Will the UN take over the internet?
Google is scaremongering. But the UN’s ITU isn’t exactly being comforting either.
The headlines are scary. “European Parliament warns against UN internet control”, the BBC had; “[US] House approves resolution to keep internet control out of UN hands” in the Huffington Post. Mainstream coverage has been regrettably scarce though, with almost all commentary in tech papers like CNET, PCWorld and ZDNet.
In a nutshell, then: the US, Canada and the EU are worried that this month’s meeting of the UN’s telecommunications arm could lead to a UN takeover of the internet. Google has launched a campaign, “Take Action”, to urge netizens to “join together to keep the internet free and open”. More specifically, they’re worried about proposals from “some governments”—read China, Russia—who don’t value freedom of expression as much as the West does.
The meeting is the World Conference on International Telecommunications (WCIT), convened by the International Telecommunications Union (ITU) to negotiate new International Telecommunications Regulations (ITRs). The ITU has its roots in telegraph and mobile networks, and they publish a lot of standards in that area, including several I work with in my day job.
But the internet is facilitated by several multi-stakeholder organisations incorporated in the US. This means governments are on an equal footing with organisations and engineers (sometimes with special provision for government input, sometimes without). Noting unease in some governments at this model, some worry that this could change.
Google vs ITU
Google is especially anxious. Vint Cerf, its chief internet evanglist, often called one of the “fathers of the internet”, wrote this op-ed piece for CNN echoing his company’s campaign’s urge to “fight for freedom”. A hair-raising battle call, but not really necessary. Legal experts, such as Harvard’s Professor Jack Goldsmith, doubt that WCIT will see any move of the sort, owing to the constraints of international law.
The ITU, for its part, has been at pains to explain that this isn’t what the WCIT is about. But its cries are unconvincing, because its bureaucrats aren’t the ones who make the decisions. The fact is that Russia’s and others’ proposal’s have pointed at their vision of a more controlled internet, and that those proposals have been debated. Already, the WCIT has approved a Chinese-proposed “deep packet inspection” standard that some say could be an “actual threat to user privacy”.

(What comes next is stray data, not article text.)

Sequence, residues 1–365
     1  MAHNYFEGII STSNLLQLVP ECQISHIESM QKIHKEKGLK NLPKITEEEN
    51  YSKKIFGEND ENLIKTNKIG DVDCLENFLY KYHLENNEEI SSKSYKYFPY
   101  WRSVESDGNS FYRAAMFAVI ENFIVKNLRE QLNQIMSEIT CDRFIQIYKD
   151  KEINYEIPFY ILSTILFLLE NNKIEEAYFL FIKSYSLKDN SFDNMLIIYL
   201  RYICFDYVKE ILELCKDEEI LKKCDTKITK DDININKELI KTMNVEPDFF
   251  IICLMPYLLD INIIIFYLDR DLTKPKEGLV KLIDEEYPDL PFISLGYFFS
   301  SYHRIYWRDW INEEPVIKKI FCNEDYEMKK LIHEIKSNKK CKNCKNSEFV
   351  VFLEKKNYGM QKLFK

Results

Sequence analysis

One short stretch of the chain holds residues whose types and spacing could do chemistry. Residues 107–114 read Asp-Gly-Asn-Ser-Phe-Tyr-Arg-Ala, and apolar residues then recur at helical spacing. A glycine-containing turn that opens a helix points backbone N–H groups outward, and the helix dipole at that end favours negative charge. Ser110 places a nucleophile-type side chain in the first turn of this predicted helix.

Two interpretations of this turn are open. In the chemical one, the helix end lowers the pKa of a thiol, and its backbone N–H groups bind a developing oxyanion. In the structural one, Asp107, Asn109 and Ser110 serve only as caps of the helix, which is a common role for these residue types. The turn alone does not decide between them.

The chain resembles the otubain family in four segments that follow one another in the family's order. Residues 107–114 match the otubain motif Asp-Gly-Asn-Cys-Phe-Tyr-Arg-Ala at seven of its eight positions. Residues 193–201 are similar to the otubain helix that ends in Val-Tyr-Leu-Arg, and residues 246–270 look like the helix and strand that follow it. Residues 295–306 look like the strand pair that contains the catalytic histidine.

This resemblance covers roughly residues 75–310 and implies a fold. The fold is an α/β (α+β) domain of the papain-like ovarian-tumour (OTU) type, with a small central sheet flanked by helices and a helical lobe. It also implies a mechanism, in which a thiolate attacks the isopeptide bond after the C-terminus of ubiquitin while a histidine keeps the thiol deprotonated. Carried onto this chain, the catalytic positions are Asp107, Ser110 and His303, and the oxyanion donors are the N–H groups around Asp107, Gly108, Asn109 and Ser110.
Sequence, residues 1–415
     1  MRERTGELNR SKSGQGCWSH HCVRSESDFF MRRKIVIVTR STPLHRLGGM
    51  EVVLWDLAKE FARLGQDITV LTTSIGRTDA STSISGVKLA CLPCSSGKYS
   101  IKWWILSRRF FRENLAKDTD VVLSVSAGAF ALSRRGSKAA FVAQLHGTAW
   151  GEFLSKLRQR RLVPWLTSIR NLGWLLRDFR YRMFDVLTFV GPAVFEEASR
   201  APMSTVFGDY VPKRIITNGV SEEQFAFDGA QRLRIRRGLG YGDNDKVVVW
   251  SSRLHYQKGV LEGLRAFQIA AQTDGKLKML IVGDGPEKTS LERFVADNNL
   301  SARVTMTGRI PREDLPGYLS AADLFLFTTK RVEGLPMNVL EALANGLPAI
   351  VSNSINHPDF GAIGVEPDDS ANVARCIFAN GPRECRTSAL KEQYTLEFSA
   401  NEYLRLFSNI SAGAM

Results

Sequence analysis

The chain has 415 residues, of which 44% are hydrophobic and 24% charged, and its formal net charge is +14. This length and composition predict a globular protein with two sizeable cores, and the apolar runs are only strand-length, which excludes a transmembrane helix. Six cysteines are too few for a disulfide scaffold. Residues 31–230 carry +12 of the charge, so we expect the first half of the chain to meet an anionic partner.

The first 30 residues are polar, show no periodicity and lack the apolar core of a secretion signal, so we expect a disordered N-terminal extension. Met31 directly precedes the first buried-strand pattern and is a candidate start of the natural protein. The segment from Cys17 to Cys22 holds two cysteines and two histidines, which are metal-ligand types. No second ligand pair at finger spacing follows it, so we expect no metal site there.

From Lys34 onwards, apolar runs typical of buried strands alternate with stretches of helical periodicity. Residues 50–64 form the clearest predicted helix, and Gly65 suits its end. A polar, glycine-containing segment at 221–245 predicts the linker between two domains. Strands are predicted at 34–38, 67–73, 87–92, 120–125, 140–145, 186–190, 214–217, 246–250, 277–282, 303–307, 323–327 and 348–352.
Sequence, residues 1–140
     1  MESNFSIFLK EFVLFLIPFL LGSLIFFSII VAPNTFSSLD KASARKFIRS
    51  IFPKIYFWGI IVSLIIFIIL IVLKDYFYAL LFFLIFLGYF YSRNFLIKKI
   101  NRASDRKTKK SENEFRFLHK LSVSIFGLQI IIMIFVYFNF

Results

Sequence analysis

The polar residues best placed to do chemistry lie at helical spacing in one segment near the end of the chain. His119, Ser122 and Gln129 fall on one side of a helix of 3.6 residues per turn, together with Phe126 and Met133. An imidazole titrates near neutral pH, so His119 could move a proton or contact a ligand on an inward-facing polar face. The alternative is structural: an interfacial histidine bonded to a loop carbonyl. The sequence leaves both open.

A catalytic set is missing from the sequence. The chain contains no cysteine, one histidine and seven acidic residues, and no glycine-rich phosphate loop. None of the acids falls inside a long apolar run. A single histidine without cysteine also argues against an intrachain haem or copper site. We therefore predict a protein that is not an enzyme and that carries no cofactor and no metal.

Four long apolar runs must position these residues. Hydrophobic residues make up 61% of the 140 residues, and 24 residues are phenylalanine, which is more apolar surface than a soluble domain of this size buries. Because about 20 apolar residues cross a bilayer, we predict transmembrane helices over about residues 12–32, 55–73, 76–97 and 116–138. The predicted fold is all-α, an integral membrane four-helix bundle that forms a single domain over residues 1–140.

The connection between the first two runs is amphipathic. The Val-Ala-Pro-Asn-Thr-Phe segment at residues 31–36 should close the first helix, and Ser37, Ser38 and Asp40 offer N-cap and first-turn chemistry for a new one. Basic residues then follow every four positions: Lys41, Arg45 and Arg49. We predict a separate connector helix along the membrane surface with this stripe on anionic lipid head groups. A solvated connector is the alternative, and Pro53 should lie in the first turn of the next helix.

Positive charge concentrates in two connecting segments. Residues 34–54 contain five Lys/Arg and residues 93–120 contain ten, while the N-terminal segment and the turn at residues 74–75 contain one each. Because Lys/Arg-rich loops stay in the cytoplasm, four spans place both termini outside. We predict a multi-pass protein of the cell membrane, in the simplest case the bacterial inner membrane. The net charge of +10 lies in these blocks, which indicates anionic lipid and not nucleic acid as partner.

Google is, too, unfair to criticise the WCIT for being a “closed-doors meeting”. But while ITU can call itself (mostly) “transparent” and having corporate members, Google was correct to say that only countries can vote.
This puts the ITU’s bureaucrats somewhere between a rock and a hard place. I watched a discussion that the Guardian held on internet governance in October; its ITU representative there was just as unconvincing. It’s not the ITU, per se, that we should be worried about. It’s proposals by other member states that could be adopted by the ITU.
ITU bureaucrats repeatedly point out that the WCIT can’t override ITU’s constitution and other international law guaranteeing freedom of speech. But they can’t tell member states to withdraw their proposals. If they pass, they would in theory be rendered null, but it’s not clear how that would be effected. The most likely scenario is that not much happens: the ITRs (explicitly) don’t trump national sovereignty. So as far as freedom of speech goes, nations will continue as they are.
Of course, attempts to bring more governmental control to the internet should always be met with concern. There’s just less to fret about with this WCIT than some would have you think.
(Photo credit: ITU)